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OAHU, HAWAII—Turtle Bay Resort, Oahu, Hawaii, has completed the installation of an innovative green roof that covers a total of approximately 60,000 square feet as part of its commitment to environmental sustainability. “We are dedicated to preserving Hawaii’s delicate and natural resources as stewards of the land,” said Scott McCormack, Vice President of Real Estate for Turtle Bay Resort. “We have received positive feedback from our resort guests who appreciate the project’s eco-friendly benefits and are enjoying enhanced guestroom views of the ocean and landscape art atop the newly designed roofs.” The lower flat roofs of Turtle Bay Hotel were completely transformed and “roof-scaped” with intricate, contemporary patterns using river rocks and native Hawaiian plants. The combination of this conservation project’s size and detailed design makes the green roof unique to Hawaii and beyond.
NEW HOLLAND, PA.—Construction started recently of the new Mills Park Hotel in Yellow Springs, Ohio with the installation of precast concrete wall panels from Superior Walls of East Tennessee. Designed by Axis Architecture, the 28-room hotel will rely on a Superior Walls Xi foundation system for the 32,000-square-foot structure, plus a four-story precast concrete elevator shaft.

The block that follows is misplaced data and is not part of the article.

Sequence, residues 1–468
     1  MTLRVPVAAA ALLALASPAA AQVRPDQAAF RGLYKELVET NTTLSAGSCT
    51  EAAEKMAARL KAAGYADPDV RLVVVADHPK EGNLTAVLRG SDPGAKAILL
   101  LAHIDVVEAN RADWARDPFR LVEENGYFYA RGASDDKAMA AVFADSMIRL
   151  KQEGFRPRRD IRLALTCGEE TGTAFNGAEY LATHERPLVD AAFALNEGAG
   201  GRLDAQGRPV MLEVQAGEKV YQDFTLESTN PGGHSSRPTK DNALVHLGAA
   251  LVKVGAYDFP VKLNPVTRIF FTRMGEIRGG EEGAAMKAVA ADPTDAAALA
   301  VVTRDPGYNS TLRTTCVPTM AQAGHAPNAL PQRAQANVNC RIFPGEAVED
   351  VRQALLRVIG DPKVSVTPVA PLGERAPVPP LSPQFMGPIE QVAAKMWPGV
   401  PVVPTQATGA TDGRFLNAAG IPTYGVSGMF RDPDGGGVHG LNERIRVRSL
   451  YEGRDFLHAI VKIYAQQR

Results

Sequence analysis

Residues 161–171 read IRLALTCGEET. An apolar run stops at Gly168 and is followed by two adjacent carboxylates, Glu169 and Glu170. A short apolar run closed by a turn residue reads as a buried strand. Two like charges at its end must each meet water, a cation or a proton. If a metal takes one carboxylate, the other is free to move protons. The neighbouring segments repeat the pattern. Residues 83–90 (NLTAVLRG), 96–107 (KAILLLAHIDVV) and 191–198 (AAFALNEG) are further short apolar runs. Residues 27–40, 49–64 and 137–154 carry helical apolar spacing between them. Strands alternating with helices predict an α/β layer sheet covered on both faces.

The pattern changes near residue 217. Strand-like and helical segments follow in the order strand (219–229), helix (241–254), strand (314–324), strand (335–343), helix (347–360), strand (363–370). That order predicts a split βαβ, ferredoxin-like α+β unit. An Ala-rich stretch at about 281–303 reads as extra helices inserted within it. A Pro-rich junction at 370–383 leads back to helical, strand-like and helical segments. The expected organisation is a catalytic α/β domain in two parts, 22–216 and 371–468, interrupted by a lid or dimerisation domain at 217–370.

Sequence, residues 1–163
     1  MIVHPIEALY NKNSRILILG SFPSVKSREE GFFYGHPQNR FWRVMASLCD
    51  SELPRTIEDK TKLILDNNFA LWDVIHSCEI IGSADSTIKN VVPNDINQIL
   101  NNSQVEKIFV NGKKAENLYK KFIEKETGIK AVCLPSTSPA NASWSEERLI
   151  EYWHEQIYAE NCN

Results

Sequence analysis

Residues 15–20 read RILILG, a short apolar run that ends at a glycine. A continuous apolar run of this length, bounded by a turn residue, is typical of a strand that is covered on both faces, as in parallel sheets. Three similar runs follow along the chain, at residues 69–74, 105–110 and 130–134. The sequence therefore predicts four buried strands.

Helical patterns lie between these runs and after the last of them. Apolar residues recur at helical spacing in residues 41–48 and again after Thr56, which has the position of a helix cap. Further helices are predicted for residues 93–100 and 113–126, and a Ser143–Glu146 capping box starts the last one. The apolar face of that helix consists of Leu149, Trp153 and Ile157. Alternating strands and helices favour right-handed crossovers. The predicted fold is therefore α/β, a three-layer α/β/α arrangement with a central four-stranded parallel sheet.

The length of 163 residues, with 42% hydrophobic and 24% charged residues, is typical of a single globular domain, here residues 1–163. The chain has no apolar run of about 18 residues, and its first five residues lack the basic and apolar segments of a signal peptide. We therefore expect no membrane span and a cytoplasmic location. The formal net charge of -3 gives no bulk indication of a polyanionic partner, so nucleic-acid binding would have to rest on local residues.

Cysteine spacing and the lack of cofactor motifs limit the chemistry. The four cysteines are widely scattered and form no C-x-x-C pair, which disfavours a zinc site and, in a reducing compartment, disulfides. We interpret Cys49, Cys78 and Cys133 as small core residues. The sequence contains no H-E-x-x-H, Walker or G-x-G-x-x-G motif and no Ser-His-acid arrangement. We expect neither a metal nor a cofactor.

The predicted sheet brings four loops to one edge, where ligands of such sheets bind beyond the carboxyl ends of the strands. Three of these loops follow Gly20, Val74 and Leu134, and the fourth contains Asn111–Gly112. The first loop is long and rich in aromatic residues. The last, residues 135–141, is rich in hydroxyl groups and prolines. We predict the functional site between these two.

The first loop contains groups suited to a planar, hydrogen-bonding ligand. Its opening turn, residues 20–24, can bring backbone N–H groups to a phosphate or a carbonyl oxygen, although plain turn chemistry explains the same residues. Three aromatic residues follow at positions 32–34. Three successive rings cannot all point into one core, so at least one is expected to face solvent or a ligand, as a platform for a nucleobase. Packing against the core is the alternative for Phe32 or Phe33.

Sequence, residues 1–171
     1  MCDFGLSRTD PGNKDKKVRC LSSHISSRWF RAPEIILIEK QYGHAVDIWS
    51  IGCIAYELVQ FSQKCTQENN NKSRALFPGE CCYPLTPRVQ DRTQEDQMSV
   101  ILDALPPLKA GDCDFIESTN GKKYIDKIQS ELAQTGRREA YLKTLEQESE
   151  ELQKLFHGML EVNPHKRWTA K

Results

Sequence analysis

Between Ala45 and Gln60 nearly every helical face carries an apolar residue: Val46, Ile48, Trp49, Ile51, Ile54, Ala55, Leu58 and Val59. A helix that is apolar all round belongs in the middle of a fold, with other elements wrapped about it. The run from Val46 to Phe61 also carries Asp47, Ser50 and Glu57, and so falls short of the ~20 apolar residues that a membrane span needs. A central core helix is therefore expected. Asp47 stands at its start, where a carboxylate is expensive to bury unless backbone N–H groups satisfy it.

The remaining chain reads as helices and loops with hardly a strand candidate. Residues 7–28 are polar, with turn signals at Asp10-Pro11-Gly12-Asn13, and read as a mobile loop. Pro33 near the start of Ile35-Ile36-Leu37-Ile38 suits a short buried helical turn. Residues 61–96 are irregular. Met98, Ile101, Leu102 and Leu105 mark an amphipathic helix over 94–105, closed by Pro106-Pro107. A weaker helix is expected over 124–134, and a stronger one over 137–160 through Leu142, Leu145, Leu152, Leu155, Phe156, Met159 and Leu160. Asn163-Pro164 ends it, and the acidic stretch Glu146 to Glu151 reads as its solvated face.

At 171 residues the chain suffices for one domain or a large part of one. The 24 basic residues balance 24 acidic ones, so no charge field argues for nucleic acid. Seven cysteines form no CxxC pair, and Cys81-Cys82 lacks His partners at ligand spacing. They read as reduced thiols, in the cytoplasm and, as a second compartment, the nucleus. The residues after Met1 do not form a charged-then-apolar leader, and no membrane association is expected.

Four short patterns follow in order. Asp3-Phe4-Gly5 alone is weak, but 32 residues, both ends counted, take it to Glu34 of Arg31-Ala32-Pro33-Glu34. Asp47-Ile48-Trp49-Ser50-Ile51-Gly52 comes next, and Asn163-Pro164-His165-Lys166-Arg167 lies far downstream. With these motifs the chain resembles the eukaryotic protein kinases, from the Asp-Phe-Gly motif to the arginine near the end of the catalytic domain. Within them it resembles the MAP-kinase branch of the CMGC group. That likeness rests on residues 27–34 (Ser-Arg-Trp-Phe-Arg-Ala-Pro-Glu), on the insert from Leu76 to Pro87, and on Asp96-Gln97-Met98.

MCLEAN, VA.—Hilton Worldwide announced that, following a comprehensive upgrade to its LightStay global environmental management system, more than 4,200 of its properties around the world are now ISO 50001 (energy management) certified. This certification complements the company’s other global system-wide ISO certifications of ISO 9001 and 14001. ISO provides internationally recognized frameworks and standards for organizations in the areas of products, services and systems. Hilton Worldwide achieved ISO 9001 (quality management) and 14001 (environmental management) certifications in 2011, and was fully recertified to both of these standards this year. With these certifications, Hilton Worldwide is one of the first multinational organizations to certify its entire system globally, achieving one of the largest-ever volume certifications of commercial buildings. “The ISO frameworks help us to ensure we are managing our properties as efficiently and sustainably as possible,” said Randy Gaines, Vice President of Engineering, Hilton Worldwide. “This results not only in cost and emissions reductions, but also helps us better prepare for potential changes in regulations in the United States and around the globe.”
OSHKOSH, WIS.—Girbau Industrial recently introduced the PC-80 Flatwork Ironer. The PC-80—available in 118-, 130- and 138-inch finishing widths—features up to three 32-inch diameter rolls, delivers up to 93 percent energy efficiency, produces ironing speeds reaching 147 ft./min, and offers optional GHelp remote diagnostics. Models are available in natural gas, thermal oil or steam.
TAMPA, FLA.—Hasek Communications, the Cleveland, Ohio-based publisher of Green Lodging News, welcomes Xeros as a Founding Sponsor. According to Xeros, its polymer bead technology significantly reduces laundry costs, increases the life of linens, and helps hotels advance their commitment to green operations. The system uses up to 80 percent less water, 50 percent less energy, and approximately 50 percent less detergent as compared to conventional washing.